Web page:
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Stop 15 - Hue and Hoi An

View Overland adventures - UK to Ho Chi Minh City and back without getting on a plane! on Chloemillen92's travel map.

After another night on the train we pulled into Hue and made our way to the friendly hostel. It was early morning and already ridiculously hot. The temperature continued to rise as we sat in a bakery eating croissants until it reached its peak at pretty much the same time as we headed out to see the the city's main attraction - the ancient citadel. Most of us spent the next few hours exploring the former home and gardens of the Emporer, whilst Emon and Greg sat stationary on a wall looking like they were going to pass out from heat exhaustion.


It was a pretty beautiful place with some amazing old buildings, walkways and some fancy gardens where the Emporer used to throw parties.


We also came across a very photogenic wall.

The next day we hired a car and driver to take us to Hoi An making various stops en route.


We visited an eerie, abandoned waterpark which featured a now dilapidated dragon aquarium in the middle of a lake. It had apparently had opened before it was ready in the early 2000's which turned out to be a bad business move.


We drove over the famous Hai Van pass and stopped for some lunch with incredible views at the top.


Lastly we stopped off at the Marble Mountains, a group of little mountains plonked in the middle of a busy town. At the top of the one we took the lift up to, were some huge caves with shrines inside, some temples and some pretty good views.

We arrived into our hotel mid afternoon and had a very refreshing dip in the pool! The next few days were spent site seeing, cycling about, chilling and eating.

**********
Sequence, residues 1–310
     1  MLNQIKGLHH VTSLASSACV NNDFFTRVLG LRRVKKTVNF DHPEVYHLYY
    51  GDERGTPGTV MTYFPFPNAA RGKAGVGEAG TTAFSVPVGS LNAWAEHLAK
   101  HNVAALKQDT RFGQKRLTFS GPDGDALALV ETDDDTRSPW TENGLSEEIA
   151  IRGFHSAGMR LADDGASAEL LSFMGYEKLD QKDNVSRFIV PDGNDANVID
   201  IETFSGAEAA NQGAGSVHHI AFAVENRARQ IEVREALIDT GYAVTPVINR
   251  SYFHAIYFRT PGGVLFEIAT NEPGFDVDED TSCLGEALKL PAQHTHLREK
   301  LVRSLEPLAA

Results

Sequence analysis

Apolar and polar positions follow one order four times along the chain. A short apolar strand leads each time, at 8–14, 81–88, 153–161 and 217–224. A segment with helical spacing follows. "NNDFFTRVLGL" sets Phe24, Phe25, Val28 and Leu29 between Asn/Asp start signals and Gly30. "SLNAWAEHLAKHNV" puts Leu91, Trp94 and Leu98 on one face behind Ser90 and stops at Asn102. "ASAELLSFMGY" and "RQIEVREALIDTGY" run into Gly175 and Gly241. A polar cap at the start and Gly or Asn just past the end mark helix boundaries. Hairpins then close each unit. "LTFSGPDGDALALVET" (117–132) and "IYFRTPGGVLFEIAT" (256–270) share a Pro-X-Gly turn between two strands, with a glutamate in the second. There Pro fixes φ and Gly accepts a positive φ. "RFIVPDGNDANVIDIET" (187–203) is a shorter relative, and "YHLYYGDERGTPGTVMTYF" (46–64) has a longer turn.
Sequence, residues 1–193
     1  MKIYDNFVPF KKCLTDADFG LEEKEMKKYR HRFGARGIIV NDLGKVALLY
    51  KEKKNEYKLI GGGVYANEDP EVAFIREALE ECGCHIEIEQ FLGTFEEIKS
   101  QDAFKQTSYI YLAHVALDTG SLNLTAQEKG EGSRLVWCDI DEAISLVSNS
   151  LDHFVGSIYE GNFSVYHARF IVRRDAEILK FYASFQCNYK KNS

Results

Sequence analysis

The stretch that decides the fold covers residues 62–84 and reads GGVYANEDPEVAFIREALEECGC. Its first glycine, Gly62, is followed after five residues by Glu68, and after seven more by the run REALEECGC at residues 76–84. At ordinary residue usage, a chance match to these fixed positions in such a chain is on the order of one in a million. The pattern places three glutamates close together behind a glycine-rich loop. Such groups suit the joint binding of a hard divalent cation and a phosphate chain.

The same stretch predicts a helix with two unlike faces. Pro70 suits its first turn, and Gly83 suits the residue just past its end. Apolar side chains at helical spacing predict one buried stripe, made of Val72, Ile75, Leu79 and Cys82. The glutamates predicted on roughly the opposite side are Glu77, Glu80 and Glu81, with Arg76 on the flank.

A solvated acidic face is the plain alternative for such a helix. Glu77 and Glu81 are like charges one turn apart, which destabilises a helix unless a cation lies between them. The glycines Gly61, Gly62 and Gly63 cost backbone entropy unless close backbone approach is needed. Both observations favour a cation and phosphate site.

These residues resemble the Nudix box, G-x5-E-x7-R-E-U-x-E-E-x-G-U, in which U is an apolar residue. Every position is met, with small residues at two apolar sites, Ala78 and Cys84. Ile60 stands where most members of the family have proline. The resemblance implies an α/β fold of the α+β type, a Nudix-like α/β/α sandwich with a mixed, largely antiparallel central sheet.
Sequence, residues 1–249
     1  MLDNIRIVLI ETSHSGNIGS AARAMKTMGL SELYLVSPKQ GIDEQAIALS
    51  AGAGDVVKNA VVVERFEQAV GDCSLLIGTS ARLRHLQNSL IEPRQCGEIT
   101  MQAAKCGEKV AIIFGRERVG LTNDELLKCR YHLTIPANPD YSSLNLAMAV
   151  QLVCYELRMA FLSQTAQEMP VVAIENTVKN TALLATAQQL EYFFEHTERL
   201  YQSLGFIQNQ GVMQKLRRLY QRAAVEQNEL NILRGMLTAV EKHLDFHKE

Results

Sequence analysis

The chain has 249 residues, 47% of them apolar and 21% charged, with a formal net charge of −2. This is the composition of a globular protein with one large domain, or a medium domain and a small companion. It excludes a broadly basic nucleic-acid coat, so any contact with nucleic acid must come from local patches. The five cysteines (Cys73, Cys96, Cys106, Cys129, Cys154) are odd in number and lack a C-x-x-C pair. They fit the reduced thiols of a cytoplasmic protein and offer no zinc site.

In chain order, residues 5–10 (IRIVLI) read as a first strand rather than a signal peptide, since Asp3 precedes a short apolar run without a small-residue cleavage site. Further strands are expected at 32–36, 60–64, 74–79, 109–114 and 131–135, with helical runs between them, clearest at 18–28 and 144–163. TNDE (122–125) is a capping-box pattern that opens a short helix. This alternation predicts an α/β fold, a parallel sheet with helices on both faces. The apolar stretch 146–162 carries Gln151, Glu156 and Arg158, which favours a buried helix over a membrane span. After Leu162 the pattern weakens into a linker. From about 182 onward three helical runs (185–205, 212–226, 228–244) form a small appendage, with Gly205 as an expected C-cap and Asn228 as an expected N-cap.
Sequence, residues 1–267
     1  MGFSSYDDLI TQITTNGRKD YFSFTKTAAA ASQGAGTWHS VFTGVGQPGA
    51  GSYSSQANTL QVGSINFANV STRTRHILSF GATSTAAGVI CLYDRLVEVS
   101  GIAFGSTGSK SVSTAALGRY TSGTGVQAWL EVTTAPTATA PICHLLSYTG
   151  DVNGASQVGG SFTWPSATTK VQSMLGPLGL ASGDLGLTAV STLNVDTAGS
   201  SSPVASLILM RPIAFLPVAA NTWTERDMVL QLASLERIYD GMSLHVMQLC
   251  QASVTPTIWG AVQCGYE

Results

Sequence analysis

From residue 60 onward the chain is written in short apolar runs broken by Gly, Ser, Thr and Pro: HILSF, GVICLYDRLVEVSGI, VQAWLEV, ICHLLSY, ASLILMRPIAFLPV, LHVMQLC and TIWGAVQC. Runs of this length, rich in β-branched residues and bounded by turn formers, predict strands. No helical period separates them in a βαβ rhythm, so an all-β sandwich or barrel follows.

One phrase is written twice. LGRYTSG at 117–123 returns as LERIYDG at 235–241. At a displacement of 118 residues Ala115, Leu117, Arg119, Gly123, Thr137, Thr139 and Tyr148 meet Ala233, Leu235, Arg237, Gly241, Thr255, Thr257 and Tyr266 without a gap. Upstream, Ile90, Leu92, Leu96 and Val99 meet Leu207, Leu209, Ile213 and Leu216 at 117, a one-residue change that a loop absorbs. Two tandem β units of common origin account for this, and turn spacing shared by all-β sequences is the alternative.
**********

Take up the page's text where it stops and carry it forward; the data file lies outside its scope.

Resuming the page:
The town itself is very pretty and famous for having hundreds of handmade lanterns.


There are some really old buildings here, ranging from temples, to houses, to assembly halls, with elements of Chinese, Vietnamese and Japanese architecture and design. We found out whilst visiting one of them, that Hoi An used to be a very important trading port but then got left behind by the times when the new trading boats of the 18th and 19th century required a deeper port. This has turned out to be a pretty good thing as otherwise many of the ancient parts would probably have been destroyed.


Walking around in the evenings was very atmospheric with lanterns being sold and put onto the river, many people wondering around and a huge choice of buzzy bars and restaurants.


On our final afternoon Mike and went on a bike ride to the other side of the river, away from the old town and the tourist area. The change in landscape was really unexpected. Suddenly we were cycling down little roads amongst rice paddies and local houses!

Posted by Chloemillen92 08:03 Archived in Vietnam Tagged vietnam hue hoi_an central_vietnam

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